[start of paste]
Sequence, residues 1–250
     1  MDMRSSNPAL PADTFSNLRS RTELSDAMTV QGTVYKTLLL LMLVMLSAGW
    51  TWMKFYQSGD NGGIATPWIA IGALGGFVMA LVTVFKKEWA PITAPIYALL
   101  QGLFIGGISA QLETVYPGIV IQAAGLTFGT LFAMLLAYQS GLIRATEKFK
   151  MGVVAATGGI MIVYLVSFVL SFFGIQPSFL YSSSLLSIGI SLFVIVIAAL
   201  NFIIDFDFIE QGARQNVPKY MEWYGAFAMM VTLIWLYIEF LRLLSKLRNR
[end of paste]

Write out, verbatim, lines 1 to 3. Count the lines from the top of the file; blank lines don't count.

Sequence, residues 1–250
     1  MDMRSSNPAL PADTFSNLRS RTELSDAMTV QGTVYKTLLL LMLVMLSAGW
    51  TWMKFYQSGD NGGIATPWIA IGALGGFVMA LVTVFKKEWA PITAPIYALL